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Staying Safe -- Spot the Tot

Staying Safe -- Spot the Tot



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Nadine Wimmer Reporting There's a danger growing so quickly in Utah, it's raised concerns among health officials. Summer is a busy driving season, so here's an important tip to help your family Stay Safe.

Kim Babka, Mother: “There’s nothing like knowing, as a mother, that you have inflicted pain on your son or your child.”

Even after several years, Kim Babka can't overcome the emotion of hitting her young son Jackson in their driveway.

Kim Babka: "In a split second lives are changed. Every time I pull out of my driveway, I feel that."

Staying Safe -- Spot the Tot

It's recently happened to two other families in their neighborhood alone, reflecting the dramatic increase in Utah. Fatalities from rollovers doubled in 2004. Utah is 5th in the nation. Alarming numbers like that have led child advocates and Primary Children's Medical Center to launch a statewide campaign.

Janet Brooks, Primary Children's Medical Center: "Currently, at least one Utah child is injured or killed from a back over each week. These statistics are staggering."

Dale Maughan, Paramedic: “It's a significant problem that seems to be growing in our area. And our goal as a task force is to increase the level of awareness in the public so these things don't happen again."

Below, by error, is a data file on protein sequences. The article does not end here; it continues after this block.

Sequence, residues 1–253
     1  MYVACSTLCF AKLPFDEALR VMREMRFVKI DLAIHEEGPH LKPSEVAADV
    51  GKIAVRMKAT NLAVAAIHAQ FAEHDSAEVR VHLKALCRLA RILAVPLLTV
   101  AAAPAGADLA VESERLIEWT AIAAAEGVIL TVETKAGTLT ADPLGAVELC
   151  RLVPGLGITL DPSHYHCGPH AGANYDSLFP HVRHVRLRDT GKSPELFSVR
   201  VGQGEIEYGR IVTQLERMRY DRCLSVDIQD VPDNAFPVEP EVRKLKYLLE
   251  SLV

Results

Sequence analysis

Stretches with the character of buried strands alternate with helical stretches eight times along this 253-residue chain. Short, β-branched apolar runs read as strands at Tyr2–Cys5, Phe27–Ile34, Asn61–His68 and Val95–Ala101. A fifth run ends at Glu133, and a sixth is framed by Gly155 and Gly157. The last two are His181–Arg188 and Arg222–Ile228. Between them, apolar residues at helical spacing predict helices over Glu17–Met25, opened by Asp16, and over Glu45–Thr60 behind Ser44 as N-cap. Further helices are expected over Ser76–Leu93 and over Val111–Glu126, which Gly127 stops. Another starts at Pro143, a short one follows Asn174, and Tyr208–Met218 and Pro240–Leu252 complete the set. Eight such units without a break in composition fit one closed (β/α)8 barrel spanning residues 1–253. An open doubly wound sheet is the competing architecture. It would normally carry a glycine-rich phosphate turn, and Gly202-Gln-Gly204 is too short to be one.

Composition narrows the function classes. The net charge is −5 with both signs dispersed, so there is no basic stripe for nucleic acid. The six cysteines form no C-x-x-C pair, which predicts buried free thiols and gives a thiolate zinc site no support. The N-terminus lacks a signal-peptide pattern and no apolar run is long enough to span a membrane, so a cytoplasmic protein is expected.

Part of the increase is attributed to a deadly combination--small children and big SUVs. In fact, according to consumer reports, if I’m driving an Avalanche, the blind spot behind my car is 50 feet. We measured it out. There's easily enough room for a child to play back there where I can't see him.

And coincidentally, while we were measuring out the distance, another mother reinforced the pervasiveness of this problem, not just in driveways. She saw it happen while someone was pulling out of their apartment complex.

Eva Garcia, Mother: “One of these days, it happened to my niece. Next time these kids are going to get hurt to the point where they end up in the hospital or dying at the scene.”

To stay safe there's no better way than to walk around your car before taking off, whether from home, a neighbor’s or a business. Have someone supervise the children as you're leaving and roll down your windows to hear children.

Kim Babka: “You can’t see them and they don’t understand that in a split second accidents happen.”

Once you're out of the driveway, we have some information that can help you safely arrive at your destination. AAA and Parents Magazine released the top ten Family Friendly Cars, ranked for overall safety. At the top of the list is the Honda Oddysey.

Kara Gould, Mother: “We were in an accident backing out of our driveway in another car. And while we weren't hurt, you think about these things. Safety is important."

Tomorrow, we tried an experiment that could offer some insight into how kids will spend their summer.

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